Anthony Joseph Scuderi

A.A., Bucks County Community College, Pennsylvania
B.S., East Stroudsburg University, Pennsylvania
M.Div., Catholic Theological Union, Chicago
Liberty Universiy, Virginia
D.Min., Eastern Baptist Theological Seminary, Pennsylvania
Barbara Grimes, Ph.D., Advisor
Dissertation Coordinator
Southern California University for Professional Studies
17 E. 17th Street
Santa Ana, CA, 92705-8605

A Project in Psychology Submitted in Partial Fulfillment of the Requirements for the Degree of
Doctor of Psychology
Southern California University for Professional Studies
January 2003


This study was conducted in an effort to illustrate how the martial art of Judo can be used to effectively treat depression, anxiety and help manage anger. Judo, for the purposes of the psychotherapeutic milieu shall be a concomitant modality in the treatment of the aforementioned psychopathologies in the event that psychopharmacologic intervention is necessitated.

Two groups of Judoka (Judo players) were randomly chosen, each group numbers 100. Group 1 consists of white belts (beginners) that have just started Judo training or have been in training for no more than one month. The second group is advanced judokas who vary in Judo rank and time in grade from one-year forward. The age requirement must be a judoka old enough to understand and write the English language in an effort to answer the enclosed self-assessment questionnaires.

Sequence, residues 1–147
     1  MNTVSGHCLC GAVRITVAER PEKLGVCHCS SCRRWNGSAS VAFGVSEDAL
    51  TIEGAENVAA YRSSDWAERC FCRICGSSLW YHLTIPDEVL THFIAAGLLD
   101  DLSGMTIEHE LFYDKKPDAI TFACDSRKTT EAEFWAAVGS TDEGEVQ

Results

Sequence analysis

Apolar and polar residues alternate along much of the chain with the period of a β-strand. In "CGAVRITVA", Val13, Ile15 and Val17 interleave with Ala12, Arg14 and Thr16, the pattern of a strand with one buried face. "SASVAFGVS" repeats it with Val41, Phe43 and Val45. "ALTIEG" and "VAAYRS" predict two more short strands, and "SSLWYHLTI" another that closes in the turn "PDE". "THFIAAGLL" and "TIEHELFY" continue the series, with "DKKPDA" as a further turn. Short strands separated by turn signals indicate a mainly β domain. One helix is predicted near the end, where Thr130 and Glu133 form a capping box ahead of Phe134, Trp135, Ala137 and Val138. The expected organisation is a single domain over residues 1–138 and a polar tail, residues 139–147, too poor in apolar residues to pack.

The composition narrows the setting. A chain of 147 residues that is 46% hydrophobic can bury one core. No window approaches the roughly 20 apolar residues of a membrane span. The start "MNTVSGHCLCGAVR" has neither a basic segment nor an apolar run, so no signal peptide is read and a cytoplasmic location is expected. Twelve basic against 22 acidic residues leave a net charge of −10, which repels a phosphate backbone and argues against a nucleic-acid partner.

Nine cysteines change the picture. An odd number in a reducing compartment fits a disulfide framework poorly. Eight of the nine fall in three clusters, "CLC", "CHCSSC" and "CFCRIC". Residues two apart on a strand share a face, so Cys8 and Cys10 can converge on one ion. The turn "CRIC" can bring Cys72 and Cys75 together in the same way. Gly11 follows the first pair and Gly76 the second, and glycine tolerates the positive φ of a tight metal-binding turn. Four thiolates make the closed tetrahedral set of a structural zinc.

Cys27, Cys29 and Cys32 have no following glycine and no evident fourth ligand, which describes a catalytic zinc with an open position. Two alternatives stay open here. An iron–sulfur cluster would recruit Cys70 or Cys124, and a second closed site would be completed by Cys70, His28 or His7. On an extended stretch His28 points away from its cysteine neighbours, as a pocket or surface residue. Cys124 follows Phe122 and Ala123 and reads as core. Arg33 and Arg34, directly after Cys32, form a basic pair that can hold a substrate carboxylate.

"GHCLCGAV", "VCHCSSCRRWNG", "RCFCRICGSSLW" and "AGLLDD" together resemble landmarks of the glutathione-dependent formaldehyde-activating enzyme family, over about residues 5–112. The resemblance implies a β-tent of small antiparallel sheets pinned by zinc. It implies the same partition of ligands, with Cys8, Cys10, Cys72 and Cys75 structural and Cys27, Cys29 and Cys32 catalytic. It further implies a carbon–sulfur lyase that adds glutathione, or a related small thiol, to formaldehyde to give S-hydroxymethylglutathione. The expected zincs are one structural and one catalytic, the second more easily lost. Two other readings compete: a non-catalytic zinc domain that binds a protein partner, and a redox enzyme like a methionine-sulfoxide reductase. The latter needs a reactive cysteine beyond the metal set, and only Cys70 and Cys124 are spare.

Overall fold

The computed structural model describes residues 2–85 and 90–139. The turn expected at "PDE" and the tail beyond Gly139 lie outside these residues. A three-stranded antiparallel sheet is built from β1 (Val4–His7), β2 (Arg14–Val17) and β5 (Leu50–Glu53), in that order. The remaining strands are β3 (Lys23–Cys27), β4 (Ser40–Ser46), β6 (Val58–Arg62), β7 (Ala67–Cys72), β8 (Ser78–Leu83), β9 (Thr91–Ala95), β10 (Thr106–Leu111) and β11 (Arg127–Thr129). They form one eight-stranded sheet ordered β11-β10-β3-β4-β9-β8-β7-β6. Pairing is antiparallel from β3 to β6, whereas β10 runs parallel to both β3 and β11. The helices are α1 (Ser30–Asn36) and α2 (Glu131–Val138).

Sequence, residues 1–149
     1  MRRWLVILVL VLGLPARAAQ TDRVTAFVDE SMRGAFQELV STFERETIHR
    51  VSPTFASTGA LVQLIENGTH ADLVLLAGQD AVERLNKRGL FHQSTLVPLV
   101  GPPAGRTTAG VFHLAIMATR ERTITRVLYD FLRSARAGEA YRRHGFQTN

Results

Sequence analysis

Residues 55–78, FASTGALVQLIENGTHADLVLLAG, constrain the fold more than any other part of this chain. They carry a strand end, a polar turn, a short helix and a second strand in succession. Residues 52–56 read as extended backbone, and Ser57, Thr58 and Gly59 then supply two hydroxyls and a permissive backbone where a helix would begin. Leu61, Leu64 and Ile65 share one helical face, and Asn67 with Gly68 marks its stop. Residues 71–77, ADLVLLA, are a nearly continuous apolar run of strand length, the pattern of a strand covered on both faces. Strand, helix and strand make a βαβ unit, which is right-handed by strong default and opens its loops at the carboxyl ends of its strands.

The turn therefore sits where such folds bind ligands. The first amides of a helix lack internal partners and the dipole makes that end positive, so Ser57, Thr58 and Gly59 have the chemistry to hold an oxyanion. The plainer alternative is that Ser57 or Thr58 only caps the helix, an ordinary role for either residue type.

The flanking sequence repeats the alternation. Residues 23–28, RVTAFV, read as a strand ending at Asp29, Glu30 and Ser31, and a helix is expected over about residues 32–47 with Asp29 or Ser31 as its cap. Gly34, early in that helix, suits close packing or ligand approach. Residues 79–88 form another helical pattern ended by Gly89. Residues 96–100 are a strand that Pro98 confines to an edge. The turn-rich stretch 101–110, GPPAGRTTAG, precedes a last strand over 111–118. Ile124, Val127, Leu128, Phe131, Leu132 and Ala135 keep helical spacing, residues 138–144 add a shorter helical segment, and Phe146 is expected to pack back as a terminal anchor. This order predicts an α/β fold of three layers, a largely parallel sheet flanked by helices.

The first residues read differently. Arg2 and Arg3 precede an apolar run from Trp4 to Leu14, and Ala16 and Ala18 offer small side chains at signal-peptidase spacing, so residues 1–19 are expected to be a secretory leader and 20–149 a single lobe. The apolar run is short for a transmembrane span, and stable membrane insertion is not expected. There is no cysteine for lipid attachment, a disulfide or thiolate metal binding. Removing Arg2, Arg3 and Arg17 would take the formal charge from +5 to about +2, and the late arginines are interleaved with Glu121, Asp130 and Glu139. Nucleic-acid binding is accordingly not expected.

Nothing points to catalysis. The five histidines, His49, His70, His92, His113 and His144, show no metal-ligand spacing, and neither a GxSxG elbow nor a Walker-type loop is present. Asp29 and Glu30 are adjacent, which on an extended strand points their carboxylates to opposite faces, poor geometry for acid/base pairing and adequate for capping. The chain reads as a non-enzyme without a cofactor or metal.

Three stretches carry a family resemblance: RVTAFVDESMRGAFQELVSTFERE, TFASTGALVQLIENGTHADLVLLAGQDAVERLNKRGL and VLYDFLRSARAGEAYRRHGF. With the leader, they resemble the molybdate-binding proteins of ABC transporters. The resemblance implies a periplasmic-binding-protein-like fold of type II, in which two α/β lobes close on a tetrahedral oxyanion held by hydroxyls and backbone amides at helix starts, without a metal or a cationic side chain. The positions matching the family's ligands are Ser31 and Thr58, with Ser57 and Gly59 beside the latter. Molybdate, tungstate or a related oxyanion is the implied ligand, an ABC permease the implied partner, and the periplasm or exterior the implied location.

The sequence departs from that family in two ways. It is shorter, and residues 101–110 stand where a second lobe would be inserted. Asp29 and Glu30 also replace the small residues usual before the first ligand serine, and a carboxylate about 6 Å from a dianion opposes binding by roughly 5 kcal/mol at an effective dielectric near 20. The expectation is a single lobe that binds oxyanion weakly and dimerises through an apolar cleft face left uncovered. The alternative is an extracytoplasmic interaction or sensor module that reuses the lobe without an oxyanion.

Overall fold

Research was done on how Judo can be used as a social therapy, movement therapy, and psychotherapy. Further research on present day therapeutic modalities for treating depression, anxiety and anger follows. Finally, a discussion on the process of Judo Therapy will commence.

In an effort to assert the efficacy of Judo Therapy as an effective mode of psychotherapy to be used in the treatment of behavioral disorders, both groups were given the Zung Self-Rating Anxiety Scale (SAS), Zung Self-Rating Depression Scale (SDS) and the State-Trait Anger Scale (TAS-SAS). An explanation of each measurement including a full description, norms, scoring, reliability, validity, primary reference and where to obtain the measurements can be found in Appendix A.